No Satori: Living Between Noise and Silence
“Our ability to attach layers of memory to sound makes us human.”
I know exactly how to proceed. Carefully, I lay myself down on my childhood bed—mattress from 1978, sheets from 1986—and put on an expensive pair of Audio-Technica headphones I’d been saving against the day. Jascha Heifetz, back in 1952, in Hollywood, plays Bach Partitas for Solo Violin. It’s vertiginous, sinister, and somehow a kind of duet, the way he plays it, a dance at the edge of a cliff.
“That’s the wonderful thing about Bach,” an old writer once told me, when I said I’d gotten into the habit of waking up to the Partitas. “He heals you.”
It sounds like Jack eating celery
This fat woman gets stuck on the toilet. Her husband says “I’ll call the plumber.” He gives her his derby hat to put over her lap, for modesty. The plumber says “I can get her unstuck, my friend, but the guy in the derby hat is a goner.”
“There’s one of them, the angry one who’s fainter than the starling.”
John Cotter is author of Under the Small Lights, a novel. Find John on Twitter @smalllights.
Enter your email address to receive notifications for author John Cotter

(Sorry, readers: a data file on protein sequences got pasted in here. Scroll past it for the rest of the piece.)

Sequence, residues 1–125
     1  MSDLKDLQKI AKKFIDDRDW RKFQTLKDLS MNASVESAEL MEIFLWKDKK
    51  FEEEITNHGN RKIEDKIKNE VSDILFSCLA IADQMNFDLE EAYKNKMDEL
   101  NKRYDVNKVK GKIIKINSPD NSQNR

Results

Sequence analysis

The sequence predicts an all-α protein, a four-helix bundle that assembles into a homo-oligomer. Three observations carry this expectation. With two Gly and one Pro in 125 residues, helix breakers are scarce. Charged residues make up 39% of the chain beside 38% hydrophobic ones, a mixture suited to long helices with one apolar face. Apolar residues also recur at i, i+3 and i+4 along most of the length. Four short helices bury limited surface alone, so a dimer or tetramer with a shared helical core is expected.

Confirmation link sent to your email to add you to notification list for author John Cotter
More by this author
Shocked Quartz: Traveling with a Chronic Illness
Will the vertigo again become acute? Will the stress of this, or some root cause that spurs it, end my life before it might otherwise end?
More in this series
To the Next Young Black Woman Facing Breast Cancer
“I’ve fervently wished to see women who look like me and have lived through this.”
Premature Baby, Preexisting Condition
“I am terrified that one day we will not pursue a treatment our son needs because we can no longer pay for it.”
Taking Charge of My Story as a Cancer Patient at the Hospital Where I Work
Being an “interesting” patient who also happened to be a trainee made me a morbid little celebrity.